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University of Hawaii researchers get grant for limu study


    A new species of the red alga Martensia collected from approximately 200 feet below the ocean’s surface at French Frigate Shoals.

Researchers from the University of Hawaii at Manoa have received a grant to further study a new species of limu found only in the Hawaiian archipelago’s deep and dimly lit waters.

The National Science Foundation has awarded $792,021 to a team of researchers from the University of Hawaii at Manoa, Bishop Museum and the Western Australian Department of Parks and Wildlife to describe the new species in detail.

The UH Manoa team anticipates it will be able to describe more than 60 new species of limu, also known as marine algae, from the deep waters of the Hawaiian archipelago, using a combination of DNA techniques and anatomical studies.

“This is one of the most extensive studies of mesophotic (existing in low light) algae to date,” said Alison Sherwood, a botany professor and principal investigator of the grant, in a news release. “We have nearly 2,000 specimens of limu collected from 100 to more than 600 feet deep across the entire Hawaiian archipelago. This will redefine our understanding of limu diversity in Hawaii and will aid understanding of floras across the entire Indo-Pacific.”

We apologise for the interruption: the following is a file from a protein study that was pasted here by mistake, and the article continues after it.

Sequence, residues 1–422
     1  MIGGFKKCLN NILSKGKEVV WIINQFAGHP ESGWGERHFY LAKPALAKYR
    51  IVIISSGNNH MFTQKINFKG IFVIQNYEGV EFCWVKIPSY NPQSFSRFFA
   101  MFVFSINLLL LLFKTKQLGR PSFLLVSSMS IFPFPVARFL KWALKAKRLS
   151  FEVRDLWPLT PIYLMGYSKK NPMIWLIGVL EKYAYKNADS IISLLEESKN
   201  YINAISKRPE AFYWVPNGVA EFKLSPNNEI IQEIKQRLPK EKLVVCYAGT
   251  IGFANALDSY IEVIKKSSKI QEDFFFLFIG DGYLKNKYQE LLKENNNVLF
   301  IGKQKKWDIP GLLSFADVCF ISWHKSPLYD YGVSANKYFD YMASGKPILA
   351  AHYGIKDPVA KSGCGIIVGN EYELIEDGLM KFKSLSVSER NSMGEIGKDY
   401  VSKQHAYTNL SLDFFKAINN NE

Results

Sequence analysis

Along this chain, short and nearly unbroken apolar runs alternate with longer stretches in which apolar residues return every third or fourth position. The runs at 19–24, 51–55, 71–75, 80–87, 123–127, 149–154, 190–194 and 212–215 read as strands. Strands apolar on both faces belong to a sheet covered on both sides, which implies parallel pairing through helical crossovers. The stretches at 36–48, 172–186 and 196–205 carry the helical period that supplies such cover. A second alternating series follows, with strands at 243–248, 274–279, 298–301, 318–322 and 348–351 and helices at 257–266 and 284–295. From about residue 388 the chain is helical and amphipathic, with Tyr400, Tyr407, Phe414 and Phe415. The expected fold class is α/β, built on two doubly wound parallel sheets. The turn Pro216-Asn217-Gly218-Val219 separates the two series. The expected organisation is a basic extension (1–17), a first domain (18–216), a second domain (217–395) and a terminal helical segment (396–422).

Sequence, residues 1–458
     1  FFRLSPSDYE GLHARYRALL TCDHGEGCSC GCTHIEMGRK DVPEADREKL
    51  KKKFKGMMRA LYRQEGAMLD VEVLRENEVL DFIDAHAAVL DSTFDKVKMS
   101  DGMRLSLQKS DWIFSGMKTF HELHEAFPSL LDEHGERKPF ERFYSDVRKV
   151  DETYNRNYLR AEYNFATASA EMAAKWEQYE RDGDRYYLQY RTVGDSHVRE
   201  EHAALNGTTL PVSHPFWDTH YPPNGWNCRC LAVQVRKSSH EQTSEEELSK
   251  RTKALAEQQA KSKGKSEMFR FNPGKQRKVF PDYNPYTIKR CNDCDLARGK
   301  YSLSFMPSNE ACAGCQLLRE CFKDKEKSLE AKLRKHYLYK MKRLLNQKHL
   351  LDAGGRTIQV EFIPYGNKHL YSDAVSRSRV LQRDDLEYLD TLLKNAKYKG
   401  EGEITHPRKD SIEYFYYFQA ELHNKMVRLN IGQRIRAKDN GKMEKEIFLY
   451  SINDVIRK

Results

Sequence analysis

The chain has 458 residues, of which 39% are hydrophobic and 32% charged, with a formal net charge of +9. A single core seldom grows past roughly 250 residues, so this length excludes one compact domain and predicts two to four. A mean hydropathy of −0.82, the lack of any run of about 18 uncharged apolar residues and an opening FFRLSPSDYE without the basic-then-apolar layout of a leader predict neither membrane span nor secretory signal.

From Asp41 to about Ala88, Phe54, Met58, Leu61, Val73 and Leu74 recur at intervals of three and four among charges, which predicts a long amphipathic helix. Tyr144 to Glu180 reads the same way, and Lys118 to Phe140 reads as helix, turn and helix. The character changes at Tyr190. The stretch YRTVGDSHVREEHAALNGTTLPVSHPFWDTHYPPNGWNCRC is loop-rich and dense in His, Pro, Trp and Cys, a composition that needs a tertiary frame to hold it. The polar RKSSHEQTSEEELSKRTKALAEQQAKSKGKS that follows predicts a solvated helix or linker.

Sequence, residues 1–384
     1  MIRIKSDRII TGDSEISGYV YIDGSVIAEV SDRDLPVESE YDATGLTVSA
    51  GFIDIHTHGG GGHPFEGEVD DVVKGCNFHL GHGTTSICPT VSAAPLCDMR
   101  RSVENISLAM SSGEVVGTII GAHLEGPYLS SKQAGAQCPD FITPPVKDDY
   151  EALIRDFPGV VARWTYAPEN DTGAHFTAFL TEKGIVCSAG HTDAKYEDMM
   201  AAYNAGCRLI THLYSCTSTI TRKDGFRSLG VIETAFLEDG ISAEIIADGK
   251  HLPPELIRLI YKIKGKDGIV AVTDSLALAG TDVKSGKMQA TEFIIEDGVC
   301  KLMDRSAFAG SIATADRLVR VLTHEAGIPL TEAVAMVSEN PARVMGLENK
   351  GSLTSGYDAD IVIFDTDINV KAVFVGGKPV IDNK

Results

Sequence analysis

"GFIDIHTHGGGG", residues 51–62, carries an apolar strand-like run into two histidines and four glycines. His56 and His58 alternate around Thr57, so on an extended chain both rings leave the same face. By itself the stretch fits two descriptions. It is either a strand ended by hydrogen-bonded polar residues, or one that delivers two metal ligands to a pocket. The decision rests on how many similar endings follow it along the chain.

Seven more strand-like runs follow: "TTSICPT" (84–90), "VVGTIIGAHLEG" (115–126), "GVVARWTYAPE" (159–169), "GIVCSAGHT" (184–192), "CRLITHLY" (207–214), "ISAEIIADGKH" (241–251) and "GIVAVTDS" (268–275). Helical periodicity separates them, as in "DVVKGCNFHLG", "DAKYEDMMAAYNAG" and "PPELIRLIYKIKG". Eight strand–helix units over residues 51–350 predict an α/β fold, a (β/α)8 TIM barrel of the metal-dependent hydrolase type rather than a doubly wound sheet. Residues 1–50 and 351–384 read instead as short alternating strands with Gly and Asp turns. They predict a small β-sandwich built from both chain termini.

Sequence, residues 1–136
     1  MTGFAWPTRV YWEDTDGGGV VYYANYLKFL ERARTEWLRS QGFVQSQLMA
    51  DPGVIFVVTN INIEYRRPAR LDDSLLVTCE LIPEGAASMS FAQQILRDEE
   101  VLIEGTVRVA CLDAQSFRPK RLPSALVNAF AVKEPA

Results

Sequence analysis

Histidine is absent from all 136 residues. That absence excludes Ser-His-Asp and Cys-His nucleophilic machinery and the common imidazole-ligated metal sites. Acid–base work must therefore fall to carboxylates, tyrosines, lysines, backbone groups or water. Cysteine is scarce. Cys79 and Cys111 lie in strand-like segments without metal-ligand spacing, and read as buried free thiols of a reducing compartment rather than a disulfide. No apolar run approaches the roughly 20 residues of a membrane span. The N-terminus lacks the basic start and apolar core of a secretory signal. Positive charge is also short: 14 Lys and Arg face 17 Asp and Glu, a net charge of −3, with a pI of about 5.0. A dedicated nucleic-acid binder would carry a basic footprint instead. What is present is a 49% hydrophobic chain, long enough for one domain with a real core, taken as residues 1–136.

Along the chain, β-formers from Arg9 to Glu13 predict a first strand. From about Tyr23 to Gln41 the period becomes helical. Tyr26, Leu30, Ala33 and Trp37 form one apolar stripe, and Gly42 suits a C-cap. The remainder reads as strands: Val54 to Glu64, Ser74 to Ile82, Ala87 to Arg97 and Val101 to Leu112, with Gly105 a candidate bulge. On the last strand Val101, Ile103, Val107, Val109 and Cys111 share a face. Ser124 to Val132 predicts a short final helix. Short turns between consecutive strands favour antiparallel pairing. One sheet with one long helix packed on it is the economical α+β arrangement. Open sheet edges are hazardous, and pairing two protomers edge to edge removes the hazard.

Technical divers collected the limu specimens from mesophotic coral ecosystems, or coral reefs at depths of 100- to 500-plus feet deep, which are among the most poorly explored of all marine ecosystems on Earth.

The reefs represent a new frontier, given that they are at greater depths than conventional scuba divers can safely venture, but shallower than most submersible-based exploration typically goes. The specimens were collected from the entire, 1,600-mile stretch of the Hawaiian archipelago — from Kure atoll to Hawaii island.

Besides serving as food, the limu are “photosynthetic protists” used in food additives, cosmetics, paints, toothpaste and biofuels.

“The limu form beds and meadows in this deep, blue water, and some appear to form habitat for fish and invertebrates,” says co-principal investigator and postdoctoral fellow Heather Spalding. “These new species aren’t just tiny fuzz on the reef — they’re huge blades of brightly-colored red, brown and green limu. It’s like a garden down there, with new species poking up around every reef. We’re just on the tip of the iceberg in terms of understanding algal diversity in the mesophotic.”

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